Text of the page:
At my last appointment I told the PA that I was a runner. We were talking about how I felt and how much I could do and when. The running threw her, possibly because she had just written down my weight and looked at my blood pressure.  Both of which say more about my love for donuts rather than endorphins. She told me that I still had more swelling than they’d like and that I wasn’t quite ready. That I needed to focus on walking, Netflix and slowly building myself back up. To ask her again after I could make it through the day without a nap and go grocery shopping without breaking into a cold sweat. She started to give me a textbook lecture on listening to my body, going slow and not overdoing it. Clearly I wasn’t paying attention or she remembered that I was the girl who kicked the walker away in ICU and that maybe she’d have to give me some clearer boundaries. She told me to get to where I can easily and comfortably walk a 5K. Then I could start jogging. Slowly. Then get to where I can jog a 5K comfortably then I can run longer and harder. Period. The end.

I know it is crazy but I love a good long hard run. The kind where I sweat through my clothes and develop a fine layer of salt on my body.  I have rarely won any races, because it is never about winning but going further and faster than I did the last time or think I could. My brain is quiet when I run mostly because there is no energy for anything other than breathing. I feel strong when I run. Ok, that isn’t true. I feel like quitting or dying when I run. But when I get home I feel strong. I’ve written about running over and over again. Pace, finishing strong and endurance. I figure if I can find those things on the asphalt that maybe I can find them in other places in my life as well.

For the last month or so I was laced up my tennis shoes, sometimes with pajama pants and shuffle around the block or through the park. Recently I have picked up the pace (a little), the distance and at least put on shorts. I don’t even bother to make a playlist (which is usually my biggest pre-run prep) because the headphones still bother me.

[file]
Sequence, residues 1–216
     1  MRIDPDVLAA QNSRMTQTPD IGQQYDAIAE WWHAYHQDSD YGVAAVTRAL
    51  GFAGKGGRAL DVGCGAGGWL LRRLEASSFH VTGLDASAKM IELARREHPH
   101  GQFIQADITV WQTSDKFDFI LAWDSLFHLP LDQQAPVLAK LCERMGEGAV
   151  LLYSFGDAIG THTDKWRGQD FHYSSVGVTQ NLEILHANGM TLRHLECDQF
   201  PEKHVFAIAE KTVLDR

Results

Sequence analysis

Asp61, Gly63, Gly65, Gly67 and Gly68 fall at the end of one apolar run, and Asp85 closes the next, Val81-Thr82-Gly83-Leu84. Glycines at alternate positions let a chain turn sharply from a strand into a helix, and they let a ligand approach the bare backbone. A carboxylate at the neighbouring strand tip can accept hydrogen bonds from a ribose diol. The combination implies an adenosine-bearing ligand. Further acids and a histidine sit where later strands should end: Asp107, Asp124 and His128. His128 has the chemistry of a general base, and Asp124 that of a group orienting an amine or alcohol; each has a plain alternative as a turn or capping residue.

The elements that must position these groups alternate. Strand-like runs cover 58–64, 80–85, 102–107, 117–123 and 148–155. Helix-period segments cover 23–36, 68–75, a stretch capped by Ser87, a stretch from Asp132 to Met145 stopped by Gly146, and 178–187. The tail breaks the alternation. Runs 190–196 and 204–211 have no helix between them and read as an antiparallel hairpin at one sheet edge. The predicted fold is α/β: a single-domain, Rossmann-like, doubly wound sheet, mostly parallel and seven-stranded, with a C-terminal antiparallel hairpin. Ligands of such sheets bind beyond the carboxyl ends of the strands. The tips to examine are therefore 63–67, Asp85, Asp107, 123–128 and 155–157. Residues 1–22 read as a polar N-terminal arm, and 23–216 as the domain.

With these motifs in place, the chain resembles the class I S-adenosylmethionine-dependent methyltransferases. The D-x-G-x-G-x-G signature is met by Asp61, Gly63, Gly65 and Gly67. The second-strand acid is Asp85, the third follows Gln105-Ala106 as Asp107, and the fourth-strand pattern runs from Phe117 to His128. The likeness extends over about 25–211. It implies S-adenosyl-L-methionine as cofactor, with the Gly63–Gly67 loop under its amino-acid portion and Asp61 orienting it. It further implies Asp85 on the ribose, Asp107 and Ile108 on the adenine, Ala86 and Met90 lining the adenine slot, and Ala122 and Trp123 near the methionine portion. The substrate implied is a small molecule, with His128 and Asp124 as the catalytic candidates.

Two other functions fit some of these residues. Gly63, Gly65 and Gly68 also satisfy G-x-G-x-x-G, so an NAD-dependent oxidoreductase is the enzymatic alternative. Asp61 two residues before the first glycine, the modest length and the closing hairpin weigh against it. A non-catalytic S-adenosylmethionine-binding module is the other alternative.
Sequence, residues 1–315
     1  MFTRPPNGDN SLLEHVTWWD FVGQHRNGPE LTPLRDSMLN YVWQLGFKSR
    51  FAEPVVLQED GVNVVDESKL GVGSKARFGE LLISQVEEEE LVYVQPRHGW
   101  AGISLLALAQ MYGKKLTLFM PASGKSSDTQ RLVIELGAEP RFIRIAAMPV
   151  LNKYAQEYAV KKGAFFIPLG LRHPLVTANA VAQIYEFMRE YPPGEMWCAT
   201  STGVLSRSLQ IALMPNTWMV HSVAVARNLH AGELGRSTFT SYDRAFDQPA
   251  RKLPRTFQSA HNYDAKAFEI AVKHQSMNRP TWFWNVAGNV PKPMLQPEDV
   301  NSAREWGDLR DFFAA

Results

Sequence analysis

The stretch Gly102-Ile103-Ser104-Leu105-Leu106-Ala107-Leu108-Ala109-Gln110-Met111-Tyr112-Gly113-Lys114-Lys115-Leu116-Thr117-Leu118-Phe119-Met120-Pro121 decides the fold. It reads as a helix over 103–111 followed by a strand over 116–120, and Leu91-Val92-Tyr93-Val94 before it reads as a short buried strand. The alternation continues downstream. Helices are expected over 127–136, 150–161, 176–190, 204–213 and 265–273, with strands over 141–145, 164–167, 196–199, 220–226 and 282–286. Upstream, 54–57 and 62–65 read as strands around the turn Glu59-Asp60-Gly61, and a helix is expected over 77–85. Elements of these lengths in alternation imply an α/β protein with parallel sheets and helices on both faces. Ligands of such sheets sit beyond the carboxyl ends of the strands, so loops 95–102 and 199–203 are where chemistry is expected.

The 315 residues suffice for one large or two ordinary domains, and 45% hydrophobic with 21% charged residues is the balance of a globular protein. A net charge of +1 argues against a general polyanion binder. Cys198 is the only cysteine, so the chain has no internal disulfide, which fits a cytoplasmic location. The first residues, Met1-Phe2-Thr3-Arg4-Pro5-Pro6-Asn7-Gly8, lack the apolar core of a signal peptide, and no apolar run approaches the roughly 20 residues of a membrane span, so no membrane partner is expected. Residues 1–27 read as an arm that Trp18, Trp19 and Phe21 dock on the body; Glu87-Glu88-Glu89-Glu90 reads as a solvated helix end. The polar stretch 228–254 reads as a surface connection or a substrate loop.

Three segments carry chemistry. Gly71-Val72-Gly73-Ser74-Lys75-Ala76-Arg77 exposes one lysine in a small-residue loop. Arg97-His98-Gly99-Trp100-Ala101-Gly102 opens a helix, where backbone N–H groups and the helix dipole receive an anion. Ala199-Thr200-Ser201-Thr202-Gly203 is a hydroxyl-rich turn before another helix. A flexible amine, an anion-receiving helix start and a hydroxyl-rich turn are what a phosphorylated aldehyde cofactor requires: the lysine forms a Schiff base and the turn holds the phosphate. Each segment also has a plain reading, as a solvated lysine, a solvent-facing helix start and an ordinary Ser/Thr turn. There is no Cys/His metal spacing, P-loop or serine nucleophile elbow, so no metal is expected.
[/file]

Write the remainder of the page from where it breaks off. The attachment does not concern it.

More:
These days I am a walker.
I keep to the right.
I am filled with jealousy every time someone bounds past me with their water bottle and new shoes.
I look longingly at every bench I pass and wonder if it would be ok to take a quick nap on it.
But I keep walking.
I think maybe I could try running just a little.
But I can feel my head pounding and know this is a bad idea.
Right now I walk. Damn the old lady who just blew by me.
This is as fast as I go.
My brain is still a flurry unlike when I run, even though I am exhausted.
I try to be kinder to myself.
To tell myself that I am healing.
That I need to not be in such a hurry.
That if these runners who keep passing me on my left only knew what I was healing form that they’d be high-fiving me.
That internal kindness doesn’t last too long.
I keep pressing, until I know my legs can’t handle anymore.
Today I walked four miles and it felt like I ran 40.
My face was pale. I could feel my blood sugar plummet and my muscles twitch.

Today on the trail I saw a runner wearing a tank that simply said, “rest later”.
Ironically she was walking.
Distance runners are trained to push through walls and pain and your body telling you over and over to quit. There is a time to push. To go harder and faster.
But for now, I have to do the exact opposite. I have to pay attention. I have to listen, and be patient.
I need a tank top that says “rest now”.

At the moment I have a very physical wound, but it could just as easily be an emotional one. I have a list of restrictions and a timeline from my doctor, yet I still struggle to compare myself with all the wrong people. The ones going faster and further than me. On the trail, or pretty much everywhere else in my life.

I wrote everything you just read above three weeks ago. Since then, I have tried to run a few times. Short distances at a snail’s pace. Sometimes with success, sometimes with pain. Stopping at my first hint of nerve pain. I usually don’t keep up the pace long enough to pass many walkers. But for the few I do, I see them a little differently. My smugness is gone. I notice them. I smile or say hello. The walker in me doesn’t feel quite as strong as the runner, but she is definitely kinder.

She knows that you often have no idea what someone else is healing from.